Day 16-18 Drink Coffee. Do stupid things faster.

Well you can see why large numbers of people head down here to Litchfield National Park from Darwin… Beautiful waterholes without ‘handbag snatchers’ (as crocs are referred to in our caravan park information).

This time we chose our caravan park because it had a good website. There were quite a few to choose from and without any thing else to go on… It turned out well, the park has lovely shaded sites, which helps our slightly overworked fridge to actually operate as it should. And one night Grandma Jumbo took us all out to dinner… Our first Barramundi. Whilst dining in the open sided shed we noticed a vintage sign… ‘Drink coffee. Do stupid things faster with more energy’. It’s become a bit of a motto for Greg now.

Waterholes in Litchfield while as beautiful as others we’ve visited are certainly more crowded. The impressive Wangi Falls were closed for swimming, we’re not 100% sure why but we think it was something to with a nearby colony of flying foxes. This meant our visit to Buley Rockholes and Florence Falls were probably more crowded than usual, but still nice.

Still, more people, more loonies. And while loonies tend to be a bit loony, they sure are entertaining, so more power to the loonies I say. At Buley the resident looney looked to be a middle aged gentleman, slightly overweight, but with an uncanny ability to scale tall paperbark trees and fortunately for us the lack of sense to climb back down. Instead he would leap from a good 10-12 metres into a rock pool no more than 2.5 metres wide. Fortunately for him, it must have been a fair bit deeper than that. We suspect he may also have dined in the restaurant with the aforementioned coffee sign, but must have taken the message a little too much to heart.

At one point Mum heard him say the leap was starting to make his back hurt. Still that wasn’t going to stand in his way once his audience of teenage girls from the Melbourne Girls Grammar School arrived. He just kept on climbing and leaping. I bet he was bruised and lonely that night.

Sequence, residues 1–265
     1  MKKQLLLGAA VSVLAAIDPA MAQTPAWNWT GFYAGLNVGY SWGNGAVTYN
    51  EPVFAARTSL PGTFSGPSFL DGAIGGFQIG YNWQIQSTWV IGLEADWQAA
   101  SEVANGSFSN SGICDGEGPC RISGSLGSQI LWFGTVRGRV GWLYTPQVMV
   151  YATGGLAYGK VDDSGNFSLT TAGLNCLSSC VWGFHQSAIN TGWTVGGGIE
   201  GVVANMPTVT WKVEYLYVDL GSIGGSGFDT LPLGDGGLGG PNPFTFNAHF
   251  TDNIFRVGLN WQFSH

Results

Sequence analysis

The Cascades was a 1.3km walk in which knocked off 90% off crowd numbers.. Much more peaceful. So peaceful in fact I saw fit to have a bit of a lie down in a small waterfall. When in Litchfield do as the tourists do.

Litchfield has a viewing area for the magnetic termite mounds. These mounds come with a certified six star energy efficiency rating – the grass eating termites build them above the ground on floodplains and align them perfectly to keep the temperature stable throughout the day & night. This happens to coincide with the magnetic N/S. Now you might think this is quite clever, but the thing I’m trying to work out is why does a bug with a need to keep its body temperature at a precise 30 degrees live in a climate where the temperature soars above 40 and plummets below 10 (I wanted to say zero, but Emma says I shouldn’t exaggerate – she has a point)? Still hats off for picking a seemingly inappropriate block of land but learning to cope. Emma, who has done far more reading on the matter says my perspective may be misguided. Once again, she may have a point.

We learnt the mounds we’ve been seeing throughout NT have mostly been Cathedral termite mounds, a different type of grass eating termite – not one that aligns to anything. Not sure how these guys stay cool, or maybe they just don’t need to? There was a third type, coptoterms – they build their homes against trees using the wood as food source… We wondered if they were the same one that eat houses?

We told Oliver we were heading back to Darwin tomorrow and at first he wasn’t impressed. We told him we would be returning to the caravan park with the jumping pillow. Still not impressed. The one with the pool with the waterfall. Still not impressed. We’d be going to the Mindel Beach Markets. Yessss he said with true excitement!

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